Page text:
When you are trying to find the right support following a brain injury, it can be a bit like jumping through hoops. On the one hand, you don’t feel capable of questioning the process you are faced with because you just want to be given the answer, but then it can feel like you’re just not being heard.
Trying to prove how my injury had changed me.
As part of the injury case my solicitors (it wasn’t CFG Law) built for me, they sent me to a neuropsychologist to gain more evidence of how my injury was affecting me. They tell you not to try to look up what you will go through at your appointment with them, but curiosity got the better of me. Basically, (and yes, I’m going to probably have to oversimplify this seeing as I’m not a doctor myself) you go through a series of questions to rate your mental health as well as exercises which are to test the cognitive functions of your brain. Bear in mind at this stage my diffuse axonal TBI hadn’t been correctly diagnosed yet.
I was only asked to do maybe 3 or 4 of the cognitive tests, and I scored in the “normal” range, which I felt didn’t highlight my issues. But the mental health scores showed me as having severe anxiety and depression, which was accurate. Remember, this guy was on my “team”. It wasn’t his job to try to say I was lying or overly rate my injury, just to give an honest, professional opinion.
The official report from the private neuropsychologist.
So, what did his report say...? He didn’t believe I had a brain injury and that rather than an organic injury, he thought my symptoms where psychological. He suggested that having been through such a traumatic experience, I was suffering from PTSD. But wait, it didn’t stop there... He went on to say that he thought I wasn’t lying about my mental health answers, but I had innocently over embellished them. This is despite the amount of time I broke down uncontrollably in front of him. I was hurt and upset about this because I knew I was different. To be told everything I was experiencing was, in his opinion, psychosomatic was crushing. That felt like I was being told to “just get a grip” and I was being a cry baby.
How can many brain injury survivors can come out of these tests as “normal”?
I eventually saw a neuropsychologist through the NHS who gave me 4 hours of testing and wrote a much more comprehensive report which agreed that I had suffered a brain injury. (That’s right, going private doesn’t always mean better.) Plus, she explained how it was possible for me to be scoring as “normal” when I knew I wasn’t how I used to be. Essentially, the bracket for “normal” is so large, you either have to be severely hampered, or a complete genius to come out as anything else. Only the lowest 16% of the population will show as below average. And in some areas, I did score very low, such as concentration. But because there were several high scores for me as well, I still averaged out as “normal” overall.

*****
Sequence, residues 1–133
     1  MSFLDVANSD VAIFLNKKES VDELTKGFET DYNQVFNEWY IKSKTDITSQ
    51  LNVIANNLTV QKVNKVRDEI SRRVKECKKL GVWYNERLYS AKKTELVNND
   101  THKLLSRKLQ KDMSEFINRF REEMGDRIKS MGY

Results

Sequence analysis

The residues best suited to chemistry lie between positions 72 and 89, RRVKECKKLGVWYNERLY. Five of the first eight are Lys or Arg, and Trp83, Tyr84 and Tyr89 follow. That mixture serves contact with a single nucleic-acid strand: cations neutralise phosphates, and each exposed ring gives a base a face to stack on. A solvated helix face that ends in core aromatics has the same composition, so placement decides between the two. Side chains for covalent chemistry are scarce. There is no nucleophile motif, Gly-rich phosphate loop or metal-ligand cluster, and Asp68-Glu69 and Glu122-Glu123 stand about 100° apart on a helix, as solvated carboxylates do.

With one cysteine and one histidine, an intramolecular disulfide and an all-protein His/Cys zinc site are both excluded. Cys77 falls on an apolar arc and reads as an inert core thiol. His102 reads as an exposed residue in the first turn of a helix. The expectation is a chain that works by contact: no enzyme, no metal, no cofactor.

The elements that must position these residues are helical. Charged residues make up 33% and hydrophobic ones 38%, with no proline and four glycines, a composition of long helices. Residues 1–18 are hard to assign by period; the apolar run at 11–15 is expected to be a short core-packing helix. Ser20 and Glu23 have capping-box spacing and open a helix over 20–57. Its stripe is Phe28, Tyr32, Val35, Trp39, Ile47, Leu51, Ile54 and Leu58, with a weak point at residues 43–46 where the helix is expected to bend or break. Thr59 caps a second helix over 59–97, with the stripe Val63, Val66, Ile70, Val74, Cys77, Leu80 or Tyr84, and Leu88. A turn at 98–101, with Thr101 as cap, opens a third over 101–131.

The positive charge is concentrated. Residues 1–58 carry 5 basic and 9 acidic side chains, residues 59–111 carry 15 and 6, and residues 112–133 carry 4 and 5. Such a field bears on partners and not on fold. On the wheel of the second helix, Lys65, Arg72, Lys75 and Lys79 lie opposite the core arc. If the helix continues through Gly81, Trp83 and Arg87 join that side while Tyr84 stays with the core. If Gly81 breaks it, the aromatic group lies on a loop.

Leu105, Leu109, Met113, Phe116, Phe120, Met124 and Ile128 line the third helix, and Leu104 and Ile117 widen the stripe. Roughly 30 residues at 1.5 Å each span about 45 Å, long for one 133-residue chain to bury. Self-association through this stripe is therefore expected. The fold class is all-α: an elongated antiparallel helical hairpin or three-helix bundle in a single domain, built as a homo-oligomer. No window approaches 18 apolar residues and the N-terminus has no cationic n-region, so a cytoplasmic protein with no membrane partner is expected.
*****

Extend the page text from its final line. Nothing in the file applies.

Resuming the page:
Don’t be afraid to ask for a second opinion if you don’t feel that the results are reflecting your experience.
Even when the first neuropsychologist was sent a copy of this report, he still stood by his original conclusions, reminding me that it’s a matter of opinion. Even though he had only met me twice, and this other doctor worked with me for months, he still felt he knew better. And later a brain scan did prove that I definitely did have an organic brain injury, but he claimed he hadn’t seen it when the solicitors knew he had.
He had nothing to gain as he was being paid for his time no matter what he said. I can only assume that he was so adamant because to admit he was wrong would hurt his ego. After all, doctors are still only human and have flaws just like we all do.
But when these are people who specialise in the brain, and they struggle to agree how its changes are affecting you, it’s not surprising that doctors who focus on other areas can appear so dismissive of how a brain injury could be causing some of your symptoms. Having said that, I recently saw a gastroenterologist about some issues I’m suffering with, and he was immediately sympathetic to the fact that I had a brain injury. He went on to say that it was likely that my symptoms were connected to it. So not all doctors dismiss it, and it feels so vindicating when they acknowledge it. The treatment I am receiving for this condition isn’t any different because of it, but it gives me so much more confidence to feel heard. Please note this doctors; we just want to be heard. Thanks.
Nothing in this blog should be taken as providing medical advice or recommendations. Please always consult your doctor for medical advice and before taking any medication or supplement. Any opinions expressed in this article are of the author and not CFG Law Limited.